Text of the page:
n Buddhism, Mahakala is a protective deity, one of the ‘Diamond Realm’ or Vajradhara. In Tibet, he is also regarded as a Defender-Shrine Deity who safeguards the Buddhist teachings and practitioners from obstacles and negativities.
Mahakala tattoo meaning
The Mahakala, or Great Black One, is a wrathful deity that embodies the enlightened quality of the primordial forces of reality. He also represents the transmutation and transformation of the three poisons: ignorance (the root cause), attraction/aversion (the dualistic mind), and anger (kleshas).
The three qualities are symbolized by the sword, jewel, and bell respectively.
The origin of Mahakala is closely linked with Sakya tradition. The Sakyas installed this deity in temples built by them throughout Tibet. It is believed that the central image representing Black Taras transformed into demon form to destroy all delusions during incantations.
Mahakala is often depicted as a dark or black-skinned deity with six hands. Each pair of hands are holding various symbolic implements, which may vary depending on the different sadhana practices and purposes of Mahakala deities.
He has three eyes, long fangs, hair tied up in a topknot, and is wearing the three robes of a monk. Mahakala is depicted on the outside of all Tibetan monasteries for protection.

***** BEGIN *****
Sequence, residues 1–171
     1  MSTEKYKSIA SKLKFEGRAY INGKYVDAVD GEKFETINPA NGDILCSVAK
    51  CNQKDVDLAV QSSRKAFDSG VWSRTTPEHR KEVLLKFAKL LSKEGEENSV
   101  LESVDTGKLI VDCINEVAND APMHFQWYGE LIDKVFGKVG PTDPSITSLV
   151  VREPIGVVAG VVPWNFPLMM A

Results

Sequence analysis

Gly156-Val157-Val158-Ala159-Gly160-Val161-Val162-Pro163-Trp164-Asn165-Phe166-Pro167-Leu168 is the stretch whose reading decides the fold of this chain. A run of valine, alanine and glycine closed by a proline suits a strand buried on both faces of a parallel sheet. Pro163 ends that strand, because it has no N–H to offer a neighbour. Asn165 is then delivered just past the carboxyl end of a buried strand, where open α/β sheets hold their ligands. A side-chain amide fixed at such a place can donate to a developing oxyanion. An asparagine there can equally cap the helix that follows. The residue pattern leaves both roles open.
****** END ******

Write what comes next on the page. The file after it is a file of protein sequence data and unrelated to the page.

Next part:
Mahakala tattoo colors and their meaning
It is common for the deity to have faces of different colors. This is depicted in our version, with golden eyes and blue hair.
Blue color symbolizes wisdom aspect, which embraces all virtuous qualities. Blue-black color (teal) represents his wrathful nature. As a result, he has six hands and three faces: white (harmlessness), blue (wisdom), and red (wrathful).
Mahakala tattoos placements and their meanings
The placement of the Mahakala tattoo is also important. It can be placed on any part of your body, but it’s commonly seen on the back and chest.
The principal idea behind choosing a certain part for a mahakala tattoo is that you should be able to easily see it if necessary – some Tibetans will position the image facing outwards towards the world, which they believe will keep them safe.
On the back of the body, mahakala is believed to protect one from external forces and influences. It’s also good to place it on the throat so that its sound will push negativity down into flames or water where it can be extinguished.
A symmetrical placement of this tattoo is also considered a good omen among Tibetans.